Searching is valid

I find the media response to the revelation of police stop and search figures disturbing.

The principle reason for there being higher stop and search figures in Scotland than in the Metropolitan Police area is quite simply because there is a greater need for such police tactics, and also there is less political control of the police north of the Border than in London – so far.

To claim an abuse of human rights is unfair, given ordinary citizens of Scotland also have human rights in that it should be possible to walk the streets of our towns and cities at any time of day or night without being subjected to the knife menace which remains prevalent in so many urban areas.

It does not take a genius to calculate that any occasion when a stop and search discovers an illicit weapon, a bad person is brought to justice and, more importantly, one or more lives could be saved.

Comparing that information with the minor inconvenience of a cursory body search, I feel public opinion is more likely to prefer the first option. Personally, I have nothing to hide and thus have no objection to being stopped and searched at any time.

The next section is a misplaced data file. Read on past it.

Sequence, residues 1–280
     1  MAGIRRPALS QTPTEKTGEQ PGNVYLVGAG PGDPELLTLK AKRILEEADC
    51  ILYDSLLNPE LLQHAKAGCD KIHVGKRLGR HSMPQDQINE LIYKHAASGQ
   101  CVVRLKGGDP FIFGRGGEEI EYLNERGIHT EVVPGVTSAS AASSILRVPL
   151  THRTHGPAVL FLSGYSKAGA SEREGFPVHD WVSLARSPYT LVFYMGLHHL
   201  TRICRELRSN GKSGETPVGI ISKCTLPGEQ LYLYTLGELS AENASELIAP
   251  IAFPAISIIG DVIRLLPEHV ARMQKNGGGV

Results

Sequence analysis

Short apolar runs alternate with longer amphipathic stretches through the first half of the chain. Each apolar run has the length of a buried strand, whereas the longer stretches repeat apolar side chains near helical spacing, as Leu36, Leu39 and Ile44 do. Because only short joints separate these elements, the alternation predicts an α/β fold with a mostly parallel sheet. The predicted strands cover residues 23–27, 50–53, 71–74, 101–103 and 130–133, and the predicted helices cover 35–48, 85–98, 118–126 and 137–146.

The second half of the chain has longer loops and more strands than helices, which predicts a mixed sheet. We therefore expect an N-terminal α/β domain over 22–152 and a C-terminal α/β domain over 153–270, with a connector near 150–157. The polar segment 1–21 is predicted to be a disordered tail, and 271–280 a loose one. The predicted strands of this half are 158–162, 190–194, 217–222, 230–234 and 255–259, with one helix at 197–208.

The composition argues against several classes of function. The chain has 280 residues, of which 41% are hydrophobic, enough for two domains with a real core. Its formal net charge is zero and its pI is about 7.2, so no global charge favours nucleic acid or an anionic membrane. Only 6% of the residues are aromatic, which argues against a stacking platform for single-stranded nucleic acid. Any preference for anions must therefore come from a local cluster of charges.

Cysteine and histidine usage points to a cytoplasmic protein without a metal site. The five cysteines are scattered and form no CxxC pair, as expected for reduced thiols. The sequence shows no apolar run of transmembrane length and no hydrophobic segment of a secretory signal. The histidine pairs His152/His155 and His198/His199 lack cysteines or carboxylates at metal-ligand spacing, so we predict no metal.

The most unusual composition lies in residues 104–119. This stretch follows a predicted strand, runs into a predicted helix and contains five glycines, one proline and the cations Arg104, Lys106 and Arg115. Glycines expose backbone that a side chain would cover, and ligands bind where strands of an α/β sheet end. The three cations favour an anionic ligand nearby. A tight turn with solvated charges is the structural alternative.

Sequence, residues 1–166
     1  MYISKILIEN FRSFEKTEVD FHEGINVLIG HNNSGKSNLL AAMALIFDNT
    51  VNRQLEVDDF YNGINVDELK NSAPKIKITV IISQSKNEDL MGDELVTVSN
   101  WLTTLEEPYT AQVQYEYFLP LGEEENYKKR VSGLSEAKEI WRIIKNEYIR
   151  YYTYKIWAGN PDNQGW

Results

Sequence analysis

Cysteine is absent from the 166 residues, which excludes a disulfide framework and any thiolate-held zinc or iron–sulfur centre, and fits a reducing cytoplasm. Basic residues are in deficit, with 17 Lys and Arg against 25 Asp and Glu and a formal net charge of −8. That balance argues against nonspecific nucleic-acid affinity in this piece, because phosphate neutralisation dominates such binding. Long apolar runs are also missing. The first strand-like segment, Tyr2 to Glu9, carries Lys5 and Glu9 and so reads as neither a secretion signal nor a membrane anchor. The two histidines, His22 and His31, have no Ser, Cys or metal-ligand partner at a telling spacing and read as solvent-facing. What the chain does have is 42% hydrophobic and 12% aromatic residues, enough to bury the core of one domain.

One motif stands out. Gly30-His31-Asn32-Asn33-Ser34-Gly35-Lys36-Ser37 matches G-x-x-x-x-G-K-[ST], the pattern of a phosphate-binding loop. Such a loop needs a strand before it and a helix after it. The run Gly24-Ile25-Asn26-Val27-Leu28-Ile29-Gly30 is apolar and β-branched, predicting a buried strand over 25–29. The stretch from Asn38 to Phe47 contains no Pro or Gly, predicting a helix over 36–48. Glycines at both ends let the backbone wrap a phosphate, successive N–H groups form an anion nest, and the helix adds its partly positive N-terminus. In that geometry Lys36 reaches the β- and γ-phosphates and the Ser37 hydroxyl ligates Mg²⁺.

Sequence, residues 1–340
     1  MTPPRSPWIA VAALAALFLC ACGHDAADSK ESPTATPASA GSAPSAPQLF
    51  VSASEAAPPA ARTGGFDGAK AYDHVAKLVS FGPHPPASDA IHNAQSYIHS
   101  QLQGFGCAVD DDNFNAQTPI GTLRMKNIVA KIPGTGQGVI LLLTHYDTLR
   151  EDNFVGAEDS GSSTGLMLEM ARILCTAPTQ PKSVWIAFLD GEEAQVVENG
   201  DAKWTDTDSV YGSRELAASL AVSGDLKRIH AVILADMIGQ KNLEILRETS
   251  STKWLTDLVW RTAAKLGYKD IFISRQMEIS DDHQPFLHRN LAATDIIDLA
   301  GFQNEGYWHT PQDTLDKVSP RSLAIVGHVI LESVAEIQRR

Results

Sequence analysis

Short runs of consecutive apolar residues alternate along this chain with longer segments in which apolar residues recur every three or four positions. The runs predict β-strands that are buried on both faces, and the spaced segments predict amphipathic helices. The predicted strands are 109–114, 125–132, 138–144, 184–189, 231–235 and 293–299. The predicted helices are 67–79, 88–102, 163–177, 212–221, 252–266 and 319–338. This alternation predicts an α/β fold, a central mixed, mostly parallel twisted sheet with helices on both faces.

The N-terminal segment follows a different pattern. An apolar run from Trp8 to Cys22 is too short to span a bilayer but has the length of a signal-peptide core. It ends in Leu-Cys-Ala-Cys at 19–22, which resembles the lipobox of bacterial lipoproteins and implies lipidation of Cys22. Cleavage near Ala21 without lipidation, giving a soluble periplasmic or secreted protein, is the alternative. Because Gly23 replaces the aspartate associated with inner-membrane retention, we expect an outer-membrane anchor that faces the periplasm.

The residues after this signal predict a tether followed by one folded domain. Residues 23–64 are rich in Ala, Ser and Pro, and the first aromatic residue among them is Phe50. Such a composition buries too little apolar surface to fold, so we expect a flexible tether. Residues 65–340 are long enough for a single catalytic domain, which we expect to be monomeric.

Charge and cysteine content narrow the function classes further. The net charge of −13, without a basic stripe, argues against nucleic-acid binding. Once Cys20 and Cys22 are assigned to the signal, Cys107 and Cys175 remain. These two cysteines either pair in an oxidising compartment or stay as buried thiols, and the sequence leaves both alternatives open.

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There is an irony in that one faction criticises the police for indiscriminate stop and search, while another claims certain ­ethnic groups are targeted due to a reputation for carrying weapons. Surely it cannot be the case that both apply.

Stop and search is a legitimate tool given to the police in their fight against violent crime; to date no sensible alternative has been offered, so if it is restricted or removed from the powers of the police, we take another step along the road to anarchy as the thugs take over.

Jim Bradley

Thornfield Terrace


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